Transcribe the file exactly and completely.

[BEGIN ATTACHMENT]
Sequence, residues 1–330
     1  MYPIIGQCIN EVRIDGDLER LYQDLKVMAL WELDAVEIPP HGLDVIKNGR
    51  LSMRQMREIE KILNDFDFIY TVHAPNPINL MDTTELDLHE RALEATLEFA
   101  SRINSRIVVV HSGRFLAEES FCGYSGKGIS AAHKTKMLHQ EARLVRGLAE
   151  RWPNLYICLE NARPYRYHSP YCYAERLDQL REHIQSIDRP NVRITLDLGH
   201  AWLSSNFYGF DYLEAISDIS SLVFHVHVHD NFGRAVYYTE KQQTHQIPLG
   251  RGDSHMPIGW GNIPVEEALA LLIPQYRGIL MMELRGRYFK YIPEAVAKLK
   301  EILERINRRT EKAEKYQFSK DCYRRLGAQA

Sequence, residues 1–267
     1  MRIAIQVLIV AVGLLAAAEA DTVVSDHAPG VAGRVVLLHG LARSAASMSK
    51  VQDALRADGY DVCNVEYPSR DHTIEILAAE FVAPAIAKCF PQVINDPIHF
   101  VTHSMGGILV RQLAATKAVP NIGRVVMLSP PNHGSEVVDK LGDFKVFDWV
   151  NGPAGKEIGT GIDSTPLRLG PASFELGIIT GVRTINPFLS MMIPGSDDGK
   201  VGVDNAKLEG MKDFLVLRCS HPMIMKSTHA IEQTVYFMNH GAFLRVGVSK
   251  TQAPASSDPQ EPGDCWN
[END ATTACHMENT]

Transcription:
Sequence, residues 1–330
     1  MYPIIGQCIN EVRIDGDLER LYQDLKVMAL WELDAVEIPP HGLDVIKNGR
    51  LSMRQMREIE KILNDFDFIY TVHAPNPINL MDTTELDLHE RALEATLEFA
   101  SRINSRIVVV HSGRFLAEES FCGYSGKGIS AAHKTKMLHQ EARLVRGLAE
   151  RWPNLYICLE NARPYRYHSP YCYAERLDQL REHIQSIDRP NVRITLDLGH
   201  AWLSSNFYGF DYLEAISDIS SLVFHVHVHD NFGRAVYYTE KQQTHQIPLG
   251  RGDSHMPIGW GNIPVEEALA LLIPQYRGIL MMELRGRYFK YIPEAVAKLK
   301  EILERINRRT EKAEKYQFSK DCYRRLGAQA

Sequence, residues 1–267
     1  MRIAIQVLIV AVGLLAAAEA DTVVSDHAPG VAGRVVLLHG LARSAASMSK
    51  VQDALRADGY DVCNVEYPSR DHTIEILAAE FVAPAIAKCF PQVINDPIHF
   101  VTHSMGGILV RQLAATKAVP NIGRVVMLSP PNHGSEVVDK LGDFKVFDWV
   151  NGPAGKEIGT GIDSTPLRLG PASFELGIIT GVRTINPFLS MMIPGSDDGK
   201  VGVDNAKLEG MKDFLVLRCS HPMIMKSTHA IEQTVYFMNH GAFLRVGVSK
   251  TQAPASSDPQ EPGDCWN